Water is one of our planet’s most valuable resources, and other than air, it’s probably one of our most vital.
For Dayton landscape artist Judy Robertus, water is a focal point of her work: it is one of her mediums of choice (watercolor), and she incorporates it, one way or another, in much of her work.
“My passion must be rivers, since most of my work depicts them,” Robertus says. “My husband suggested I call my enterprise, Many Rivers Studio. He has a point.”
From her studio, which is close to several local waterways but not right on them, Robertus creates soft, dreamy landscapes of the region’s streams and rivers with their aspen trees and vegetation. With an emphasis on local scenes, Robertus frequently draws upon photos by local photographers Mel Bohleen and Carson Frankie.
“They travel the back roads of Eastern Washington and then entice me with their photos, encouraging me to paint them,” Robertus says. “One painting leads naturally to another.
“I haven’t given much thought about how I gravitate toward rivers,” Robertus muses, “and actually, I never noticed that I did until it was pointed out to me.”
When she and her husband, both now retired, are traveling, Robertus seeks out small rivers in quiet, intimate settings. Another favorite landscape subject matter — with or without water — are canyonlands, reflecting Robertus’ growing up in Utah.
“They’re so beautiful,” she says. “I am fascinated by them.”
So we have water on one hand, and canyon drylands on the other. In her choice of mediums, Robertus expresses a similar polarization:
“I go back and forth between doing watercolor and pastel work,” she says. “For many years, I only did watercolor, but about five years ago I started doing pastels and got really involved in it.
“The challenges of watercolor are also its benefits: it likes to do its own thing. It takes you where it wants to go and you follow.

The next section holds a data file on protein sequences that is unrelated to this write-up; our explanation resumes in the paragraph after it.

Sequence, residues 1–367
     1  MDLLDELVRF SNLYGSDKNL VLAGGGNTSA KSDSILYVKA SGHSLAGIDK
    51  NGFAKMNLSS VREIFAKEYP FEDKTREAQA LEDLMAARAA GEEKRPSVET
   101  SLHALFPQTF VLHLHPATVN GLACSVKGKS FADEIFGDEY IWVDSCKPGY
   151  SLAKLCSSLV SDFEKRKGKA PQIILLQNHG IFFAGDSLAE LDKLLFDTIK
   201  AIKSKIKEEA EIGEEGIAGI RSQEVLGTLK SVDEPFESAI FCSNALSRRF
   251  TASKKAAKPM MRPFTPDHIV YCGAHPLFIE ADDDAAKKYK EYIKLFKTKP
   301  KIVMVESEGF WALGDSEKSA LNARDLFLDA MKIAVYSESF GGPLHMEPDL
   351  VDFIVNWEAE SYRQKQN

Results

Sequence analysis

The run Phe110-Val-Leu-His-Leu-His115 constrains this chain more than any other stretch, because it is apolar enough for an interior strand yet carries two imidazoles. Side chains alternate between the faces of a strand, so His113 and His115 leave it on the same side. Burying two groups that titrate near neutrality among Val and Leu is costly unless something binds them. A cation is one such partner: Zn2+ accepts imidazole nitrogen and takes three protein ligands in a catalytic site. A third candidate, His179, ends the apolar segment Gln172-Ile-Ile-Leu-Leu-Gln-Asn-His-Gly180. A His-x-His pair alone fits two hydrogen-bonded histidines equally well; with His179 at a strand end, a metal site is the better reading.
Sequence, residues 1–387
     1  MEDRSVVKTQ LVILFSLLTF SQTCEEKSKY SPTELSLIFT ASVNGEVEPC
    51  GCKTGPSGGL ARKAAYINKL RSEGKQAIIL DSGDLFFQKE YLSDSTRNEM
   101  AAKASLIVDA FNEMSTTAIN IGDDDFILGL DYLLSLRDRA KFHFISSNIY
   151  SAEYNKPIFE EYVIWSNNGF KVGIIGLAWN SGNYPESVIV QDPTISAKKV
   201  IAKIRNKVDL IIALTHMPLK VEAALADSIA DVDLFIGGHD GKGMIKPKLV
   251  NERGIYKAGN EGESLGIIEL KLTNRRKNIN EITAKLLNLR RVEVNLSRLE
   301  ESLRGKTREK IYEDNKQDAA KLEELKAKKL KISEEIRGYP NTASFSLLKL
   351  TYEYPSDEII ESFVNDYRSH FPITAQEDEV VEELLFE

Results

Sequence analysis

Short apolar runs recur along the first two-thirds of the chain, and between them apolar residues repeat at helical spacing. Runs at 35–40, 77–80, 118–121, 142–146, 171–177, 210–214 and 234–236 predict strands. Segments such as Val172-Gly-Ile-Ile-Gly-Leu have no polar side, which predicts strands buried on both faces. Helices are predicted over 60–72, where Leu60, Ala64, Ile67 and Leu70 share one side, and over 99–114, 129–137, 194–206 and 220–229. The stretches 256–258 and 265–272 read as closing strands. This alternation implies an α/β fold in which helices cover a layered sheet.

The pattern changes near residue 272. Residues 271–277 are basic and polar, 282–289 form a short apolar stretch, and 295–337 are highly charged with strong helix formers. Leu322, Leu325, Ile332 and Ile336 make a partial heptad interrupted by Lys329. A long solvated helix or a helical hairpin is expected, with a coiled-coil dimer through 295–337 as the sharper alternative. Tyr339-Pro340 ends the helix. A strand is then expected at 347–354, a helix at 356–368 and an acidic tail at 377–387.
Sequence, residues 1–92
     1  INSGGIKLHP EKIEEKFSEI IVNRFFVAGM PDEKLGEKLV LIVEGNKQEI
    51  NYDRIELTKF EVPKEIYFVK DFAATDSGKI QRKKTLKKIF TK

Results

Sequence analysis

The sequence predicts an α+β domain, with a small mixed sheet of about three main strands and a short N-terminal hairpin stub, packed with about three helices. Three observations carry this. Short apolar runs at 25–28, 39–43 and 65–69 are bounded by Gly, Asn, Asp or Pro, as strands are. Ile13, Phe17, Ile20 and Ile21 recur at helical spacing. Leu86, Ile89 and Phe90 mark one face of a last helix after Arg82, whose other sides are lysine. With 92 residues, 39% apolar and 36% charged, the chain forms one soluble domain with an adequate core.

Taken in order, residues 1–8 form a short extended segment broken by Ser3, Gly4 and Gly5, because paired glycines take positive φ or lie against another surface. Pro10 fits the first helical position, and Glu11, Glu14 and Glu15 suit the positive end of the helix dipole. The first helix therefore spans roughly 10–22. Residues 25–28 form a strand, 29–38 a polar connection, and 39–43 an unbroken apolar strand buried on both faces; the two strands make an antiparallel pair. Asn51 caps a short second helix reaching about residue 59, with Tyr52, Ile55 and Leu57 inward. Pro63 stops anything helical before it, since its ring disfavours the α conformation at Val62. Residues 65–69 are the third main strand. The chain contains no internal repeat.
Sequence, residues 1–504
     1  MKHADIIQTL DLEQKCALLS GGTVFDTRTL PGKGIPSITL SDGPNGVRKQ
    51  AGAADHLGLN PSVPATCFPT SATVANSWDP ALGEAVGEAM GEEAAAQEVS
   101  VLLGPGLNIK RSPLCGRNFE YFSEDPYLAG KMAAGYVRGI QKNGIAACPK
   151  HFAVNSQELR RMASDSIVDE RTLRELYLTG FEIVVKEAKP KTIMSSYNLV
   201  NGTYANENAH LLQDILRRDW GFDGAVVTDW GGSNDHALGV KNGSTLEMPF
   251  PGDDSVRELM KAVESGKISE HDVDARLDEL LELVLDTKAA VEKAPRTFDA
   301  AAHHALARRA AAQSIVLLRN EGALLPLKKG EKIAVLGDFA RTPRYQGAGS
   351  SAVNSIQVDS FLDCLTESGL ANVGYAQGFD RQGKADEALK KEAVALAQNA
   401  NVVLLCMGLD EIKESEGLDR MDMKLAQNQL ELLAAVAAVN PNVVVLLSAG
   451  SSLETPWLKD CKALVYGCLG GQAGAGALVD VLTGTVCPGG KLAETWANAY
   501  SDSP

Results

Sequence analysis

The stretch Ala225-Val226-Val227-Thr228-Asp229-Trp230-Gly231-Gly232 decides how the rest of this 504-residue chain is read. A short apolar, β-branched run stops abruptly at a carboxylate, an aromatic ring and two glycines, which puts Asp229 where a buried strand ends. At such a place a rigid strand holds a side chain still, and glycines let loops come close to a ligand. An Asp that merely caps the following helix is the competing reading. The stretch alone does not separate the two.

“But I also love pastels and their softness and immediacy.
“Both mediums are perfect for landscapes.”
Art became a part of Robertus’ life years ago when she attended the University of Utah, and while her professional career was in social and community service counseling, her painting was an important part of her schedule, and she fit it in around and about her work life. Now with more time to devote to the endeavor, she has developed the artist’s coveted, and designated, studio space:
“My studio is in the center of my home, where a band of windows provides an abundance of northern light. A very large poster of Beethoven looms overhead.
“He is my muse.”
The muse must smile, because Robertus’ works have been shown in various regional and local venues and exhibitions, one of which resulted in an award from the Eastern Washington Watercolor Society. A member of the Blue Mountain Artists Guild in Dayton, Robertus regularly shows her work in local landmark locations like the Historic Depot and the Weinhard Hotel, in addition to being represented at the Wenaha Gallery.
“The practice of art encourages one to notice Nature’s beauty,” Robertus says.
“Over the years, I have come to believe that within each of us there is a basic wellness, a sense that all is ‘right with the world’ when we are absorbed in the moment in the world around us.
“Painting a scene or observing a painting of a landscape allows us to connect with this wellness.”
Judy Robertus is the featured Art Event Pacific Northwest Artist at Wenaha Gallery, June 23 through July 12, 2014. Come see the exhibit at the gallery’s downtown Dayton, WA location, 219 East Main Street.
Contact the gallery by phone at 800.755.2124 or e-mail email@example.com. Gallery hours are 9 a.m. to 6 p.m. from Monday through Saturday, and by appointment. Visit the Wenaha Gallery website online at www.wenaha.com.
Wenaha Gallery, located in historic downtown Dayton, Washington, is your destination location for Greenwich Workshop Fine Art Prints, professional framing, and original fine art paintings and sculpture by notable Pacific Northwest artists. Books, gifts, note cards, jigsaw puzzles, and more are also available. Visit at 219 East Main, Dayton; phone 509.382.2124; e-mail firstname.lastname@example.org.
This article was written by Carolyn Henderson.